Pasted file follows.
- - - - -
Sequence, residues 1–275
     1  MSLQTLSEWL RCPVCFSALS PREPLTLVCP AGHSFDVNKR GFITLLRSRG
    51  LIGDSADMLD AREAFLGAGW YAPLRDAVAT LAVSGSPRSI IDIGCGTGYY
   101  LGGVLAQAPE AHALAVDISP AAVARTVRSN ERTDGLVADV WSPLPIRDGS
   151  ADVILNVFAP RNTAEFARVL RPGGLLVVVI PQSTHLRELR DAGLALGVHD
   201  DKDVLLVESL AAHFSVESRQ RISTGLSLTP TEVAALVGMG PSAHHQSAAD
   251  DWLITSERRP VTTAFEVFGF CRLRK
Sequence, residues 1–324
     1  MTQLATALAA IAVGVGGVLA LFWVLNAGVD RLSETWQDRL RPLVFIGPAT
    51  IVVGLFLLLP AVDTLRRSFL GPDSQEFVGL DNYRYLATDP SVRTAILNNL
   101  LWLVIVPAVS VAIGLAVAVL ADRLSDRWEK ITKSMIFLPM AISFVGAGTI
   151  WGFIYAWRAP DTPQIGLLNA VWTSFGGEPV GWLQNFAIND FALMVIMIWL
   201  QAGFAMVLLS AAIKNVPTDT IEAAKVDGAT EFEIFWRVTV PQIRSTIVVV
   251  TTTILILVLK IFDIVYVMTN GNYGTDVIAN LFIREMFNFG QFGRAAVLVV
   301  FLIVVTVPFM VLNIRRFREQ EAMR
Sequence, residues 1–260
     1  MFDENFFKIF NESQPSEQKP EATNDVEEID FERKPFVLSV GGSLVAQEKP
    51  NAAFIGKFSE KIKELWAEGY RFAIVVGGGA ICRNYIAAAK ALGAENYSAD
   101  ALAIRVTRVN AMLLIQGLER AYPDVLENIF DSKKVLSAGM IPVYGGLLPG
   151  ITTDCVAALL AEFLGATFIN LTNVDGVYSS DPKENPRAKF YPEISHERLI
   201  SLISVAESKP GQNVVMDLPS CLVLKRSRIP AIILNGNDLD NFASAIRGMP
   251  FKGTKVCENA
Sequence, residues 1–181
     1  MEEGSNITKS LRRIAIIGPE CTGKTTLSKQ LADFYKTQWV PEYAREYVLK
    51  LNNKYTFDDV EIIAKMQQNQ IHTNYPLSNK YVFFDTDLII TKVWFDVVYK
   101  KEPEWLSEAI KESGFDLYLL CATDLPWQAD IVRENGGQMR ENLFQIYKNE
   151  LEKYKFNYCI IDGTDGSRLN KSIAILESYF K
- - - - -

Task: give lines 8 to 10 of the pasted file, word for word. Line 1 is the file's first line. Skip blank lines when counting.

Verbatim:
Sequence, residues 1–324
     1  MTQLATALAA IAVGVGGVLA LFWVLNAGVD RLSETWQDRL RPLVFIGPAT
    51  IVVGLFLLLP AVDTLRRSFL GPDSQEFVGL DNYRYLATDP SVRTAILNNL